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Ecology. 2016 Jun;97(6):1452-62.

Demographic shifts related to mycoheterotrophy and their fitness impacts in two Cephalanthera species.


Evolutionary losses of photosynthesis in terrestrial plants all originate in photosynthetic ancestors. The adaptive context under which this transition happens has remained elusive because of the rarity of plants in which both photosynthetic and non-photosynthetic forms exist as a polymorphism. Here, we report on demographic patterns in photosynthetic ("green") and nonphotosynthetic ("albino") individuals within populations of two such species, Cephalanthera damasonium and C. longifolia, which also acquire nutrition from their mycorrhizal hosts (partial mycoheterotrophy). We hypothesized that demographic shifts in albinos relative to greens would include compensatory patterns with respect to fitness, such that maladaptive changes to survival or reproduction would be adaptively countered by changes to other parameters, such as growth probabilities. We tracked individuals in two populations of C. damasonium for 3 yr, and in one population of C. longifolia for 14 yr. We then analyzed vital rates for both phenotypes using general linear mixed models (GLMMs) and multi-state capture mark-recapture models (CMR), and used these models to develop size-classified, function-based population projection matrices. We estimated fitness as the deterministic population growth rate (λ) for each phenotype, and explored the impact of shifts in demographic patterns to albinism via life table response experiments (LTREs). Mortality differed between greens and albinos, but not similarly across species. Albinos generally sprouted less than greens, and flowered more when small but less at other times. Albinos typically had a higher probability of fruiting, although their lower flower numbers yielded lower numbers of fruits overall. Fitness did not differ significantly among phenotypes. Thus, we did not find significant evidence that albinism is adaptive or maladaptive; however, if in fact it is the latter, then we did find evidence of incomplete compensation for declines in survival and reproduction from growth transitions, particularly to small flowering size classes in C. damasonium, and to large vegetative size classes in C. longifolia. These patterns indicate some support for the idea that albinism may lead to the speciation of mycoheterotrophic plants.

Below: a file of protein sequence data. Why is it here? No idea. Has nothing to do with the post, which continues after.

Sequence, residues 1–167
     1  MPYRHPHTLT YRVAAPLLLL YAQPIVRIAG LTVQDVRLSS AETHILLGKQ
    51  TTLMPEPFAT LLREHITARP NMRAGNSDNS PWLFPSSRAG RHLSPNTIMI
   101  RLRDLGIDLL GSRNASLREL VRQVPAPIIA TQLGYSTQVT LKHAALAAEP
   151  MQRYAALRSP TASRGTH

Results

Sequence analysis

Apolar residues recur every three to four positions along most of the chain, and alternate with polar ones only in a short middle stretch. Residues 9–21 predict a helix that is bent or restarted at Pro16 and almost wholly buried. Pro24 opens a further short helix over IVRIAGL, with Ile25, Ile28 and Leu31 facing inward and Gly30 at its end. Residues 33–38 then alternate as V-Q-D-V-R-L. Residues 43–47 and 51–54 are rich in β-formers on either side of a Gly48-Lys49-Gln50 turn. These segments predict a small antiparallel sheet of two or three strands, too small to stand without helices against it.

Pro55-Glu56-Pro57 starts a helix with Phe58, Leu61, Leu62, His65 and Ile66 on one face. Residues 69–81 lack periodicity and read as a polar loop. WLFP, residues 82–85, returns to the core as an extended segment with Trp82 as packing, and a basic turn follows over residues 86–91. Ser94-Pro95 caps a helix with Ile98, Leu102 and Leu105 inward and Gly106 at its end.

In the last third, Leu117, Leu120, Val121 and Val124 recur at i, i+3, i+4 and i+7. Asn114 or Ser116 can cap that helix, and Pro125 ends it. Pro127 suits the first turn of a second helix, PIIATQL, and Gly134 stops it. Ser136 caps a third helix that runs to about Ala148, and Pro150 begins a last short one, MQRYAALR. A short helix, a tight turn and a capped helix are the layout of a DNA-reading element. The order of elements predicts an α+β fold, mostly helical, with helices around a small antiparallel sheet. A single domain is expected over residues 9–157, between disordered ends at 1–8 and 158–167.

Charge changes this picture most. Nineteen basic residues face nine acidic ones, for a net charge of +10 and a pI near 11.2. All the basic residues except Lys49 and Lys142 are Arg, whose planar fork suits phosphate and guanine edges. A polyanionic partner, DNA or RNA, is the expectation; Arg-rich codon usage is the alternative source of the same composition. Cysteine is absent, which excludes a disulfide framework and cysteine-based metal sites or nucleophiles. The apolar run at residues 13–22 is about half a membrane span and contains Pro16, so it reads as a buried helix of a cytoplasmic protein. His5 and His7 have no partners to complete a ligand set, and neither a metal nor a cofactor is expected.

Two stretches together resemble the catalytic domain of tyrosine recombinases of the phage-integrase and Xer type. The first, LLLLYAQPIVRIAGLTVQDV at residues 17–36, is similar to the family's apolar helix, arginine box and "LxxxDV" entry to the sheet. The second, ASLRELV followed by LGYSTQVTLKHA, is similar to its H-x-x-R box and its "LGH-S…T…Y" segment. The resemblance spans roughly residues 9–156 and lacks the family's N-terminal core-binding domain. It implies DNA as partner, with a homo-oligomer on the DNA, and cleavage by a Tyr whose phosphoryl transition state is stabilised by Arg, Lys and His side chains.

[Indexed for MEDLINE]

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